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1 hour ago, Ex-Hasbeen said:

So you've read them all? Or any?

Surely after reading 400 papers, you have a favourite or 2.

 

Still nothing hey?

 

I just read a few in there claiming TCC (total cloud cover) as a major determinant in surface warming. Stuff I did at Uni 15 years ago said exactly the same thing. But I don't see how this fits in to "debunking Arthropogenic Climate Change" Most of what I've previously read says a major reason for lower TCC over the past century has been deforestation. Surely if TCC is caused by man's activities, then any follow on Climate Change would have to be considered Arthropogenic, at least in part.

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I think the point is, and it's a valid one, that the IPCC's depiction of the absolute nature of the consensus on their position statements are at very least specious.  There is no shortage of reports from those formerly inside the IPCC as to the political nature of the report making process.  Have a look at this article from over 20 years ago about the second report that the IPCC produced and which was probably the greatest driver towards our global warming crisis.  For those who can't be bothered reading I will quote from the author, former head of the National Academy of Sciences and a " I have never witnessed a more disturbing corruption of the peer-review process than the events that led to this IPCC report."

https://www.wsj.com/articles/SB834512411338954000

What is curious to me is that a very large proportion of geologists are sceptical (if not dismissive) of the level of human influence on our changing climate.  Why are so many involved in the science with the longest vision (in terms of chronology) seemingly the most dubious on the effect we may be having?  Here's one example below from the list of Sceptic papers posted before:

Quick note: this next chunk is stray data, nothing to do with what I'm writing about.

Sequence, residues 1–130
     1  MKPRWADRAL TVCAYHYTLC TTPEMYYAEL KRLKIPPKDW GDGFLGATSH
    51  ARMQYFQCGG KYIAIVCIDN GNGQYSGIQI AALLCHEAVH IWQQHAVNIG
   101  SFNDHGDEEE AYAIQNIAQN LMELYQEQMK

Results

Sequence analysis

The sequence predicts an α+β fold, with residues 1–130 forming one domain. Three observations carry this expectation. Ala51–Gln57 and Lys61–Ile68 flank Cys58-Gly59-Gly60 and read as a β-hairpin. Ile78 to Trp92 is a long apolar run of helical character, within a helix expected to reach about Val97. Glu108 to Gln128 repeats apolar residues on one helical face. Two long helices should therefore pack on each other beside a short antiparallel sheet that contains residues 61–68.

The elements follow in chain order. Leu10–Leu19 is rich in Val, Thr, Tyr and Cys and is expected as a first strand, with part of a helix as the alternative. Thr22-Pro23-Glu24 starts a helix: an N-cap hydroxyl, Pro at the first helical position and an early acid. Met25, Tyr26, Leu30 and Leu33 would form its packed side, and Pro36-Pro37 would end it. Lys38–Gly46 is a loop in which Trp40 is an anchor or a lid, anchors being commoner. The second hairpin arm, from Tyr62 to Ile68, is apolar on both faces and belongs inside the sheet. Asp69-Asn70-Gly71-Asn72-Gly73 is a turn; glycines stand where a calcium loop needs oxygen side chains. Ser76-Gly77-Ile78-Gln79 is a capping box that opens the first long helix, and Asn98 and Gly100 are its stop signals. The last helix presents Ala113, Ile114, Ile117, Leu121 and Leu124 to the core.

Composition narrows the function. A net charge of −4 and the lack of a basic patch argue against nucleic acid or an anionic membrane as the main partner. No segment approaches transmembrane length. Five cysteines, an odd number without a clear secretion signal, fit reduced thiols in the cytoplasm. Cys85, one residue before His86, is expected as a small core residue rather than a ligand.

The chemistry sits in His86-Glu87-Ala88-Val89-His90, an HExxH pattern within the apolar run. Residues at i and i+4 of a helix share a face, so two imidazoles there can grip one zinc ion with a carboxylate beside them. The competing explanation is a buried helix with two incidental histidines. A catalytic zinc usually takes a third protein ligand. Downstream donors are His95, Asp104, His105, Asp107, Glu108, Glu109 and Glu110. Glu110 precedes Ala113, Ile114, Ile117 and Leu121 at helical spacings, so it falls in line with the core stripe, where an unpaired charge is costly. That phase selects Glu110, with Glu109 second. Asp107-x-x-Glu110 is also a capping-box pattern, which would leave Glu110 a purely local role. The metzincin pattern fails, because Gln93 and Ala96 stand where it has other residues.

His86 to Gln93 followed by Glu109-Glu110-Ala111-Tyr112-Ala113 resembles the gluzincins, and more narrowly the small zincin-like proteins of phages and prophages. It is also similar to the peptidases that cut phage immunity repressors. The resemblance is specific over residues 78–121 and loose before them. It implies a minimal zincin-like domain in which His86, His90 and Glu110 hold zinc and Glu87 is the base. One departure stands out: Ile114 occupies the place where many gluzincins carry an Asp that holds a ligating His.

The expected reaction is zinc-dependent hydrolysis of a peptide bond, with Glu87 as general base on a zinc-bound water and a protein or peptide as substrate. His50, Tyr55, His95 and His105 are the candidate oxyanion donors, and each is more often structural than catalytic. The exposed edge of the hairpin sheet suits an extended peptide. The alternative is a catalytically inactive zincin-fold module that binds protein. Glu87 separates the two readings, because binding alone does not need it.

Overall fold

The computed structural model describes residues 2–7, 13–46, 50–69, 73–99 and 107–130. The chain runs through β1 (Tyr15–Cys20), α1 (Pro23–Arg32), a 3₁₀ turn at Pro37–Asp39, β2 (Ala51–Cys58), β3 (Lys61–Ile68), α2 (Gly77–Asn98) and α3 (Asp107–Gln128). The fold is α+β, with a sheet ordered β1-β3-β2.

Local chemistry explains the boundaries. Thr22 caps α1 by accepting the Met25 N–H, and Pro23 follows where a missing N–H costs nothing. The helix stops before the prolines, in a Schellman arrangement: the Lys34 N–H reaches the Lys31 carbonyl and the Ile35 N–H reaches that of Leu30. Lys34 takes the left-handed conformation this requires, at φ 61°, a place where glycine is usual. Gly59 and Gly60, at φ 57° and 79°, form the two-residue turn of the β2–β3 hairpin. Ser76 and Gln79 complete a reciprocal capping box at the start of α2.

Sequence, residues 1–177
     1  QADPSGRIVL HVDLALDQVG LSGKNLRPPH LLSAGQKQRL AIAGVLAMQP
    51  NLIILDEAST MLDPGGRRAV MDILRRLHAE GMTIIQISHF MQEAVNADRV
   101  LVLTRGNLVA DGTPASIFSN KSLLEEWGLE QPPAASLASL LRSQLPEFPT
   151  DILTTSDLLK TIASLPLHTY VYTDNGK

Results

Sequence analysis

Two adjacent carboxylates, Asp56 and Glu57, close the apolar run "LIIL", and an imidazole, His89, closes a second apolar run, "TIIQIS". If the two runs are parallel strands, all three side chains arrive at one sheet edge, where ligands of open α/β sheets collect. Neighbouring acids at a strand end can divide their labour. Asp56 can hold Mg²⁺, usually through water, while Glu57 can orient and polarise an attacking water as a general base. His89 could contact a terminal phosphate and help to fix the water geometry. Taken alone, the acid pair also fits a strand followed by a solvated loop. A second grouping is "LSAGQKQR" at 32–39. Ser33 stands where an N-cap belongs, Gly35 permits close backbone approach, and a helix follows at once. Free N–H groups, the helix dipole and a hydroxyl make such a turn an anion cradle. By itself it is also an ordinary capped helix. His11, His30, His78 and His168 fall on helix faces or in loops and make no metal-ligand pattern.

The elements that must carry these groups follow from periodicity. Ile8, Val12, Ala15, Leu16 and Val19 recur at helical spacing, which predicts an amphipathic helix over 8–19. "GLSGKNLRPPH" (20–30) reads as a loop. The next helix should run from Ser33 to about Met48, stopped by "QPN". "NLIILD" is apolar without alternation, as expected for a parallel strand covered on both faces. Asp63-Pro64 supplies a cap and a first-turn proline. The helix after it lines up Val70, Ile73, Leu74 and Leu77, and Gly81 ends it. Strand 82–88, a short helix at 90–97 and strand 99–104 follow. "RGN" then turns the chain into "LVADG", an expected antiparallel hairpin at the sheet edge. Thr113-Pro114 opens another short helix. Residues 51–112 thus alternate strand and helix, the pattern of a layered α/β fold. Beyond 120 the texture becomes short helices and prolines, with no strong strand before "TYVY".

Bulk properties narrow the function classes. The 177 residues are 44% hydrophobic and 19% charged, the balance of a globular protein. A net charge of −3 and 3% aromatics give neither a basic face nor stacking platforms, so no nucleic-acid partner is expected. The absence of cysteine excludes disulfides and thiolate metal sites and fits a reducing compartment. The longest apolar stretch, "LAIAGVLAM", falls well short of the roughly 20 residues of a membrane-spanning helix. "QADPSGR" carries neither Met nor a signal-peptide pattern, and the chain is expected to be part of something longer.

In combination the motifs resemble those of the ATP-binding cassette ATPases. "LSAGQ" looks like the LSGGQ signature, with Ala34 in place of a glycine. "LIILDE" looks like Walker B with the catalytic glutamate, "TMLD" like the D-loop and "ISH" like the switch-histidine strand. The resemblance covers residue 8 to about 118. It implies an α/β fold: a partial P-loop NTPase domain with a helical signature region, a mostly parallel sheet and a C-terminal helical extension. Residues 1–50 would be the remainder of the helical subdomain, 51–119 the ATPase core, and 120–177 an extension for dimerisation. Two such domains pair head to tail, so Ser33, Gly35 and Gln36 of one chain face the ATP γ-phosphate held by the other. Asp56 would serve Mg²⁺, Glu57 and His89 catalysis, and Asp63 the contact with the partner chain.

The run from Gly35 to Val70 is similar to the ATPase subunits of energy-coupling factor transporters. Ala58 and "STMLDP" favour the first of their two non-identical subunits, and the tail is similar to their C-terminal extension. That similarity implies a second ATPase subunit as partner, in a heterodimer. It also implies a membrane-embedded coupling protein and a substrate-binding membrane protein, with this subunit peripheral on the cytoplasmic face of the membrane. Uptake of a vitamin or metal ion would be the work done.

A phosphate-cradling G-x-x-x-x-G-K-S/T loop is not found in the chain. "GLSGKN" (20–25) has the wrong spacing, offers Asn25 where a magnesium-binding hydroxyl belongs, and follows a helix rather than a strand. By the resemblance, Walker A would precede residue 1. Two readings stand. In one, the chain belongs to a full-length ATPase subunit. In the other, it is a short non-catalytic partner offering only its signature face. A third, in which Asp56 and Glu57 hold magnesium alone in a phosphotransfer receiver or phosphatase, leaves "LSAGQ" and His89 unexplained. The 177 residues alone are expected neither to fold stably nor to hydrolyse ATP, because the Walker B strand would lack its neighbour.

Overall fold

https://journals.sagepub.com/doi/pdf/10.1177/0958305X16686488

 

 

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2 hours ago, IronJimbo said:

The Climate Change Experiment: How Long will the Drought Last?

 

Robert G V Baker

 

1 – 2 pm, Thursday 23 May, 2019

CO2 Lecture Theatre, Earth Sciences Building

 

Earth’s climate system is currently experiencing the impact of a centennial minimum in solar activity. This has not been widely reported in the media, but it has substantial implications for human wellbeing, including the likelihood of significant drought periods in eastern Australia. Previous minimums, namely, the ‘1900’ Minimum and the Dalton Minimum at the beginning of the 20th and 19th centuries, respectively, were associated with significant droughts. For example, 1902 and 1905 were the lowest rainfall years in the modern Australian record.